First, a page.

When the economy went into a tailspin back in ’08, theNY Times wrote of the difficulty some parents were faced with at that time. The article outlined the great strain some parents were facing by having to, for the very first time, say NO to their teenage kids. Gasp!
Even though we have since pulled out of those economic doldrums, the lesson remains the same as how not to raise your children and how to improve their chances at finding real happiness. And Sukkot can play a key role in thatmessage.
When Wendy Postle’s two children were younger, saying “yes” gave her great joy. Yes to all those toys. The music lessons. The blowout birthday parties. But as her son and daughter approached adolescence, yes turned into a weary default. “Sometimes it was just easier to say, ‘O.K., whatever,’ than to have the battle of ‘no,’ ” said Mrs. Postle.
Indulged. Entitled … (These children) were raised … by parents who believed that keeping children happy, stimulated and successful, no matter the cost, was an unassailable virtue. A 2007 study by the Harrison Group, a market research firm in Waterbury, Conn., found that nearly 75 percent of parents caved in to their children’s nagging for new video games, half within two weeks. They all felt the pressure and the desire to acquire.
“Parents are going to feel they’re not giving their kids everything,” said Madeline Levine, a California psychologist who writes about adolescents in her book “The Price of Privilege.” “The kids are going to be confused. They’ve never known not having what they want. And the parents are going to have to tolerate their kids’ anger.” Wendy Postle said her teenagers have become angrier and more argumentative about money. “They seem so selfish,” she said. She wondered whether the fault was hers, whether that early lavishness was a parental failing.
I have a confession, I relish saying no to my kids. It is my job as a parent to teach them to be responsible, do chores around the house and to have them realize that happiness is not dependent on having their every whim met. Nay, giving children everything they want at the moment they want it is the sure path to their future frustration and disappointment. There is no greater lesson than delayed gratification. It’s how Karen and I were raised and what we strive to teach our kids as well.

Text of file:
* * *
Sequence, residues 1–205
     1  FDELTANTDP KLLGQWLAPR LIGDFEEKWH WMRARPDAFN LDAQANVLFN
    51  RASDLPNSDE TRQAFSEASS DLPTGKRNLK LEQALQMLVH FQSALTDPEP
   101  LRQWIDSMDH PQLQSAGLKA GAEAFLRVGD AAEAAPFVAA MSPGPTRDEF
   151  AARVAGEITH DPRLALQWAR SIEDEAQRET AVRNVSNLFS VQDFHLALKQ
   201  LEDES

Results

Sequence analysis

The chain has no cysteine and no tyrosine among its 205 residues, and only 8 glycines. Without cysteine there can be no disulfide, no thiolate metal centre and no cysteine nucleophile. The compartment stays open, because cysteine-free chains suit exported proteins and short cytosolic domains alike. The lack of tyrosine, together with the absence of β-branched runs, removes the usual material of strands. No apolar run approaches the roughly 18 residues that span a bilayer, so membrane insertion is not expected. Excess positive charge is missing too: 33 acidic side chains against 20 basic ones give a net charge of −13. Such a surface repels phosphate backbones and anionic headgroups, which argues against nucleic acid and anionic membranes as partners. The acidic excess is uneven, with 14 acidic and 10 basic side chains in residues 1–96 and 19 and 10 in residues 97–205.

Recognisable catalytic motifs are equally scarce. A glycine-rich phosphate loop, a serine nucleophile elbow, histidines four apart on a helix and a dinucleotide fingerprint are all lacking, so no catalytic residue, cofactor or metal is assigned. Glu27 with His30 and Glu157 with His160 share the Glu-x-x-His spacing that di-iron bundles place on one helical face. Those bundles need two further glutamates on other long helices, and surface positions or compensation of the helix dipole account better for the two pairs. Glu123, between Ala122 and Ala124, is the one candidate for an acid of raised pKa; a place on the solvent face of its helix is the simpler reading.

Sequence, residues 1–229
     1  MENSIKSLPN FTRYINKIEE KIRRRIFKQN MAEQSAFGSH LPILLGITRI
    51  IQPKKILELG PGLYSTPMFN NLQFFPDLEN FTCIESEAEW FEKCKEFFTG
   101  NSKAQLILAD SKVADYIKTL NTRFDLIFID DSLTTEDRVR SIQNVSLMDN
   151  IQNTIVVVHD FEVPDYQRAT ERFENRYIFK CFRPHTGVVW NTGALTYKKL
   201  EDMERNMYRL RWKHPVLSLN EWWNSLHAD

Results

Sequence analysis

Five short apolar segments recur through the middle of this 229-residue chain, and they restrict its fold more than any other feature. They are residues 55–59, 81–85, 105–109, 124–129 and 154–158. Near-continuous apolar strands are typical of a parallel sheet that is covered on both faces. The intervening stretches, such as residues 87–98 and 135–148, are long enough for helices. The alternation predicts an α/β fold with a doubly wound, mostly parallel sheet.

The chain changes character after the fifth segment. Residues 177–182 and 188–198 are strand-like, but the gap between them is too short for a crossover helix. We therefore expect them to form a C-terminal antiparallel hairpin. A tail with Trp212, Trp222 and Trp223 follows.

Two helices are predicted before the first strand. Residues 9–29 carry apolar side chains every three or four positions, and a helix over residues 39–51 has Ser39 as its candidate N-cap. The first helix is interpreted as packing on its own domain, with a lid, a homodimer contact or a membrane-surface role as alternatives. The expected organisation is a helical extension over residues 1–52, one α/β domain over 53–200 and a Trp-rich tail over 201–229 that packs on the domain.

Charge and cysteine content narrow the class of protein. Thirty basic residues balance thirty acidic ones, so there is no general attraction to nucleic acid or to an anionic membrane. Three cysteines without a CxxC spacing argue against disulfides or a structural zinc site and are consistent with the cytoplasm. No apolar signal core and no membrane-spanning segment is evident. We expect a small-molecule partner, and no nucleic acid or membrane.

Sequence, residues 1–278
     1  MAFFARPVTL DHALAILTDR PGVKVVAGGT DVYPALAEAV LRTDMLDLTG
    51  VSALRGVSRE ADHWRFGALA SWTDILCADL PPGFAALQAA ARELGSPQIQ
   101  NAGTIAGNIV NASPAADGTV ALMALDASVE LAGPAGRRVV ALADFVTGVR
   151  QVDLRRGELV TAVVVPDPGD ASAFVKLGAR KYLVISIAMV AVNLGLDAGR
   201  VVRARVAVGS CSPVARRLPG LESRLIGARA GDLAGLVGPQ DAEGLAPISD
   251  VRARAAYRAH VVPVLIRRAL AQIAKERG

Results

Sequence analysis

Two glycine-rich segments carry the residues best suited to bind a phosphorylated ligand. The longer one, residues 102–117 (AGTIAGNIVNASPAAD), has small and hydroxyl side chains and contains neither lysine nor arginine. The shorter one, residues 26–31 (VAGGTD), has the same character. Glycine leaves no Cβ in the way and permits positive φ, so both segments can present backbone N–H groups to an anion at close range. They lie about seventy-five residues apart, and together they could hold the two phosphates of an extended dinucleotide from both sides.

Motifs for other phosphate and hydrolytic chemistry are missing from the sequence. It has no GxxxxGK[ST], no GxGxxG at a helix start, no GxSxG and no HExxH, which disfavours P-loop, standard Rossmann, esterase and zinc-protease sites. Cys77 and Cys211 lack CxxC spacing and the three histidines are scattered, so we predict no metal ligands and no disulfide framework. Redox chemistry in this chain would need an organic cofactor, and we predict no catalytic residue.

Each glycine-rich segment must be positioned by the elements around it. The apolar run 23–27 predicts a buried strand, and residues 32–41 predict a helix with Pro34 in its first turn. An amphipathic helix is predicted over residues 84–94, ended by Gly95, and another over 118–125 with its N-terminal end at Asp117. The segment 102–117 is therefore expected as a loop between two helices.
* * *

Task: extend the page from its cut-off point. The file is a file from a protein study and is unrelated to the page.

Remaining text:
Wendy and her pals need to learn the lesson of Sukkot.
Dwelling in the Sukkah teaches us to get back to the more fundamental things in life. We extricate ourselves from the trappings that society insists we must have in order to achieve happiness. The Sukkah allows us to get back to basics and to refocus on what is truly important in life. All those things that the PR machines of Apple, Adidas, Tory Burch, Hollywood, Lexus, etc. tell us are so crucial to our happiness are exposed to be completely false when we find ourselves in much simpler surroundings.
This is the primary message of Sukkot, the holiday called זמן שמחתנו- the time of our joy. Joy and Happiness are achieved when we get up and leave the creature comforts of our home, if even for a short time. They are found when we are able to break free from all the stuff that we are led to believe to be necessary and crucial to be happy. To just walk away from them at will.
Sukkot is the exact opposite mindset of those parents who “believed that keeping children happy, stimulated and successful, no matter the cost, was an unassailable virtue”. Virtue? Hardly. It is an unassailable vice.
Only when we know that our happiness is not dependent on any thing, then and only then are we able to really enjoy those things. When we come to understand that whatever we have is a gift from God and not an entitlement, and that enjoying our families and living a life of truth and values are the things that really bring happiness – only then can we utilize our possessions to add to our happiness, but in no way to define ourselves by them.
Want your kids to learn to be happy? Drag them from their stuff, sit with them in a simple Sukkah adorned by nature and share stories, wisdom, good food and family time. They will be forever indebted to you for teaching them one of the most valuable lessons in life… the lesson of realizing true happiness.
Autumn hanging down, all the trees are draped like chandeliers
Sukie saw the beauty but she wasn’t wet behind the ears…
She didn’t have money, she didn’t have cash…
She went without
-Belle and Sebastian